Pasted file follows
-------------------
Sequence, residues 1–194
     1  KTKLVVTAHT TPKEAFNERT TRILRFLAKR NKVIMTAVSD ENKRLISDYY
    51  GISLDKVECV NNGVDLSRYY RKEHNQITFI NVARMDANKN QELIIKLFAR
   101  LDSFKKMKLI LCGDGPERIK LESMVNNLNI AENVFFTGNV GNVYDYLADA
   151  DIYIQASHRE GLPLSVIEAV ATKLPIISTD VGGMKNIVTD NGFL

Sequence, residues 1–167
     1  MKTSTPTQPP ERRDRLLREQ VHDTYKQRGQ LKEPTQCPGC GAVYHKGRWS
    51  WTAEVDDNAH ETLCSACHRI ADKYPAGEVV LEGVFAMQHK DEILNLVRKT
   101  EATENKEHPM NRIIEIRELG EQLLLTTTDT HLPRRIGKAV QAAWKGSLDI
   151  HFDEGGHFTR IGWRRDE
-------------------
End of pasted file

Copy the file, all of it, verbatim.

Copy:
Sequence, residues 1–194
     1  KTKLVVTAHT TPKEAFNERT TRILRFLAKR NKVIMTAVSD ENKRLISDYY
    51  GISLDKVECV NNGVDLSRYY RKEHNQITFI NVARMDANKN QELIIKLFAR
   101  LDSFKKMKLI LCGDGPERIK LESMVNNLNI AENVFFTGNV GNVYDYLADA
   151  DIYIQASHRE GLPLSVIEAV ATKLPIISTD VGGMKNIVTD NGFL

Sequence, residues 1–167
     1  MKTSTPTQPP ERRDRLLREQ VHDTYKQRGQ LKEPTQCPGC GAVYHKGRWS
    51  WTAEVDDNAH ETLCSACHRI ADKYPAGEVV LEGVFAMQHK DEILNLVRKT
   101  EATENKEHPM NRIIEIRELG EQLLLTTTDT HLPRRIGKAV QAAWKGSLDI
   151  HFDEGGHFTR IGWRRDE